It hasn’t been an unqualified success. RAM still doesn’t read the analytical location of structural elements, which can lead to some quirks when importing and exporting elements. For example, steel columns are almost always centrally aligned, but concrete columns are often aligned by face. Same thing with walls; sometimes the centers line up, sometimes the hold point is one edge or another. Not all the walls came back from RAM with the correct hold line, but I can’t be positive I modeled them correctly in the first place, so I’ll have to try again another time. Face-aligned concrete columns are at least a little easier to tweak if necessary.

Concrete floors on metal deck still don’t transfer very well, and we’re still doing all our load assignments in RAM because we aren’t trying to use multiple analytical packages on the same model. But the biggest disappointment so far has been rebar. RAM SS will design rebar, of course, and it can export it back to Revit…as 3D rebar. Which we’re not using yet. So I haven’t been able to find a way to automate the population of the column schedule with the appropriate rebar. Maybe by the time I write “third thoughts” we’ll have made some progress…

But honestly, I think there will always be one major deal-breaker when it comes to a true 2-way transfer of information: engineering judgment. Engineering analysis and design does not always require the same precision that a set of construction documents does. It just doesn’t, and it never will. Tweaks to a slab edge condition that require changes to every floor plan and section cut in Revit may not have any effect on the structural design at all — so what do you do? Stop sending the floors back and forth? Send them back and update the design model? Break the link entirely? All potentially valid options depending on how big the discrepancy is and how far along you are in the design process.

Even with the drawbacks, though, the process is constantly improving and evolving. Here’s to progress!

Goverlan Remote Administration


, , , ,

Part of my role as Digital Design Manager involves coordinating installations of new & updated software programs. It’s the main area where I overlap with IT — they can handle a lot of the legwork, but keeping up with new releases (and deciding when to roll them out) is mine.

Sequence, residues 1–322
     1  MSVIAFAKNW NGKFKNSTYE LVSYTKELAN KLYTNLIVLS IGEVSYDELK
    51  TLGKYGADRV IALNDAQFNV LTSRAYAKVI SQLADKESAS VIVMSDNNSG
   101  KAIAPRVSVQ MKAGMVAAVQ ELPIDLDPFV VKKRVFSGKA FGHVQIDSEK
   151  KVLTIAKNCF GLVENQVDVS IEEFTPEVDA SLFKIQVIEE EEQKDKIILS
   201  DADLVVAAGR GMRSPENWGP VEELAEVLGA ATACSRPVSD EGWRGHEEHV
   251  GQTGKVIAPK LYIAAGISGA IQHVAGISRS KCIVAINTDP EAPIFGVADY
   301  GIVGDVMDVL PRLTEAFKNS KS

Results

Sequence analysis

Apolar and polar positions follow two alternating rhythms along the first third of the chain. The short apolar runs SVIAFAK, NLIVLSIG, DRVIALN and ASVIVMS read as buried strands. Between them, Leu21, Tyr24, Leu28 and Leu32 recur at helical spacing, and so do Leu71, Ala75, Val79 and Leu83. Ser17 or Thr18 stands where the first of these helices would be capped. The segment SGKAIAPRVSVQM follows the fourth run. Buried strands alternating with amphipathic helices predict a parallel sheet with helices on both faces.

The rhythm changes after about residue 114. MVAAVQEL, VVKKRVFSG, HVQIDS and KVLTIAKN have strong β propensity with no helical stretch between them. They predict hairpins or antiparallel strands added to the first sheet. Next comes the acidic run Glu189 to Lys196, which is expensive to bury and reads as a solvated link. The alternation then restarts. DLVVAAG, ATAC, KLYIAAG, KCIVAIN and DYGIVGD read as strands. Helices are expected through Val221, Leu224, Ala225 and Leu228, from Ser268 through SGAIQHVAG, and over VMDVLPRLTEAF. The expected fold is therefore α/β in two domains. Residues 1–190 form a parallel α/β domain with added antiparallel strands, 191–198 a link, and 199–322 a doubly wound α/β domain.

For a long time, we were small enough that we could get away with “sneaker-net” installations…actually walking around to each computer to run the install or start the deployment. But at 140 people, that method is a little ridiculous — not to mention that it provides absolutely no means of inventory control.

So to save us all a lot of time & headaches, we use Goverlan Remote Administration. Goverlan is an all-in-one IT console for management, installation, and inventory. You can control network machines remotely (with more flexibility and convenience than Windows Remote Desktop), set up packages to deploy software, uninstall old software, and manage network properties.

I don’t get into the last item very much (my IT managers are better at that than I am), but the remote control & installs have been an amazing time-saver. This morning, I pushed out a new version of SAP 2000 to 30 machines in about 10 minutes — counting time for setup & testing. And before I did that, I ran an inventory query (in about 2 minutes) that told me which machines needed the update.

Having remote control capabilities means I can quickly see another machine from my desk, either to test a remote installation or launch something directly (if for some reason we don’t have a deployment package). It is SO much easier than walking over to the other machine (yes, I’m a little lazy), and if I’m using it for troubleshooting, my colleague can see her screen at the same time, so it’s easier to figure out what’s going on. Once or twice, though, I’ve checked to see that someone was out of the office before taking over his computer…only to find out that he was logged in from home. (“Hey, why is my mouse moving by itself?” Oops.)